Steven Spielberg: Hate can be unlearned
Steven Spielberg, while talking about his upcoming production venture Why We Hate, shares about how he was bullied for being a jew dueing his school days
Hollywood filmmaker Steven Spielberg has teamed up with Alex Gibney to explore the emotion of hate in Discovery Channel's series Why We Hate. The two have produced the show.
Directed by Geeta Gandbhir and Sam Pollard, the show goes deeper into social issues like the understanding of the concept of hate. It also looks at how as individuals we are capable of evading the expression of hate by realizing the after-effects of the same.
During an interview about the show, Spielberg shared instances where he was bullied for being a jew.
"I encountered anti-semitism as an elementary school student. It was not throughout the entire school but small parts of popular kids would pick on less popular kids. In my case: zero popularity," Spielberg said.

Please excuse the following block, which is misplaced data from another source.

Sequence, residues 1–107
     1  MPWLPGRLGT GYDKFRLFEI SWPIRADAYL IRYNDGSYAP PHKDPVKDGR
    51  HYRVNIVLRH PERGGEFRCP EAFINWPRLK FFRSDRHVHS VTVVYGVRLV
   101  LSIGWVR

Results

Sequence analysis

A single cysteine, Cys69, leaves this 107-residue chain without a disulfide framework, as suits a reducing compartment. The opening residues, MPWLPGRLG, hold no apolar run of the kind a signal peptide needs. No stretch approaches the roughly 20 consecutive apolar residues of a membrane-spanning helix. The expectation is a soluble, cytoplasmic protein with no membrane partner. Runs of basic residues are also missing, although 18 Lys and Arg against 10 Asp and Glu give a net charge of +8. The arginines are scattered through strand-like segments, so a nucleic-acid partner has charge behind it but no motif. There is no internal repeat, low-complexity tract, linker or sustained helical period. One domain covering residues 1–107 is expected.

He added, "I didn't think of it as hate but thought of it as a shame. I was ashamed of a lot of things and they managed with enough chiding and bullying to make me feel ashamed of being Jewish. I felt pretty much like an outcast. When I got older, I realised that bullying is a very pervasive tool to make other people feel like you are empowered.”
The director also said, "So, I was on the receiving end of people's power trips and that was my main experience with being hated... something that I had no control over.”
The show follows individuals seeking to quell violent conflicts, and allows viewers to consider lessons from some of the most brutal and enduring examples of hate throughout the world.
"There has to be a kind of objective overview of hate. This documentary series attempts to show hate must never be considered a normal thing. It also attempts to show that the brain is a very supple and amazing organ, which is also very pliable and elastic even. Though the front cortex of the brain stops growing when you are 25 years old, it’s a changeable system. This centrally means that hate can be unlearned," he said.